When thin at the top means attractive: MS-66 1881-O Morgan dollar
- Published: May 16, 2017, 6 AM
As a general rule collectors of Morgan silver dollars fall into two groups: those that like their coins colorful and toned, and those that prefer their dollars brilliant and frosty. Heritage’s recent April 28 afternoon auction session at the Central States Numismatic Society convention in metropolitan Chicago included several standout dollars that were recognized by bidders at being premium for the grade. When it comes to Morgan dollars that are at the top of their grade — especially when numerically finer examples are unknown — collectors are willing to open their checkbook to pay exceptionally strong prices in their quest for the best.
Here is one of three examples of premium Morgan dollars from the CSNS convention's Heritage sale that prove that point:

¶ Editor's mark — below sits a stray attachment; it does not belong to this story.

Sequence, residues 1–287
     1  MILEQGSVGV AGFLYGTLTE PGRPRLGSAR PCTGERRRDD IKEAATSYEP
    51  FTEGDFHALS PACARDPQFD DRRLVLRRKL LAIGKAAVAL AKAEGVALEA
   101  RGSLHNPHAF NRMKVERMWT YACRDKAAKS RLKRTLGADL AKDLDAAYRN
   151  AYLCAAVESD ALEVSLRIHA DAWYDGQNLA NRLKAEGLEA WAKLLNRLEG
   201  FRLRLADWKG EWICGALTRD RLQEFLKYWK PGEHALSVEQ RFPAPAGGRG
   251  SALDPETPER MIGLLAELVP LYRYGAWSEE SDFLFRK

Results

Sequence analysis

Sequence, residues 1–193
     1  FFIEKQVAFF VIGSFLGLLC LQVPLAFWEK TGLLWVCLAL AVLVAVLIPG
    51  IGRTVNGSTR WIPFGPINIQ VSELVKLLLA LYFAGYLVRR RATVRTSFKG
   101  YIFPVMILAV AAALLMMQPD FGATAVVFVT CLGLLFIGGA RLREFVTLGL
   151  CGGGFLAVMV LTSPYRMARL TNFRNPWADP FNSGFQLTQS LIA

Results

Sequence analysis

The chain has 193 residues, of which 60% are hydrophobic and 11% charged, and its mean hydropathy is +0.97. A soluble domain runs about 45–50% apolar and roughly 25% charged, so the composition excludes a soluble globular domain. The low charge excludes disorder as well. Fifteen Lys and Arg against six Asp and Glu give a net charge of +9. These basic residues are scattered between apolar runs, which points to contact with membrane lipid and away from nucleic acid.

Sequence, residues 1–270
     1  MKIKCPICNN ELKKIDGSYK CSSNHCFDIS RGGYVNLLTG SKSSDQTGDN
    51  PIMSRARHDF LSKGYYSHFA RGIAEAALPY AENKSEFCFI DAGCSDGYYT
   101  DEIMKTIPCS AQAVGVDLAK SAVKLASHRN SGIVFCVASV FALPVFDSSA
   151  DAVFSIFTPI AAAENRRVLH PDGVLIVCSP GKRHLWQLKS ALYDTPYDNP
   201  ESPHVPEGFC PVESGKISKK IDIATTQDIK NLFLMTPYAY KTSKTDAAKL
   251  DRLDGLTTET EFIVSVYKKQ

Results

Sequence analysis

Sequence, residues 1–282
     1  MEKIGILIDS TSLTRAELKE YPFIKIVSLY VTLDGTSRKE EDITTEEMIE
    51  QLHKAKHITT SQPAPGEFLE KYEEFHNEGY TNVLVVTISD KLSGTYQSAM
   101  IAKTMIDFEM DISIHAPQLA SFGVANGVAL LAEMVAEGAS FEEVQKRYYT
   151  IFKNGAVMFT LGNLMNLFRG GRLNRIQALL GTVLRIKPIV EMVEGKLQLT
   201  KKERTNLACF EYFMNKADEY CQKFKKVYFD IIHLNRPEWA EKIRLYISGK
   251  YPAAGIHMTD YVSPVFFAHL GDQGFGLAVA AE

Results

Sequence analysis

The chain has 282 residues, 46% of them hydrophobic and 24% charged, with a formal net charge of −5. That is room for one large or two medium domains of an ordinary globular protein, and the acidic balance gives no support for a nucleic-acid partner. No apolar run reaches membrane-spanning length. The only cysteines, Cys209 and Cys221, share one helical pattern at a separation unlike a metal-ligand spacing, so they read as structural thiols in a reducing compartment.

1881-O Morgan dollar, MS-66, CAC sticker
1881-O Morgan dollars are very common in nearly all grades, with a mintage approaching 6 million and a high survival rate thanks to many being preserved in bags that were released by the Treasury Department through the 1960s. However, the population thins in Mint State 65 and finer, with just 37 submissions at Professional Coin Grading Service in MS-66 and just three graded MS-66+. No MS-67 examples of the 1881-O Morgan dollar been certified at either PCGS or Numismatic Guaranty Corp.
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At the CSNS show auction Heritage offered a PCGS MS-66 example with a green Certified Acceptance Corp. sticker that sold for a hefty $16,450, roughly double what a toned example brought earlier in April at a different Heritage auction.
We have plenty on the off-metal 1943 Lincoln Cents and on the origin of Q. David Bowers’ column: A reader wonders how much his 1943 cent struck on a dime planchet is worth, while a long-time numismatist wonders why the origins of two new bronze 1943 cents were revealed.
The subject dollar came from The Siegel Collection, which was assembled over three decades by the chairman of a manufacturing company who decided to sell his collection of silver dollars because he wanted to see the collection sold during his lifetime and did not want to burden his heirs.
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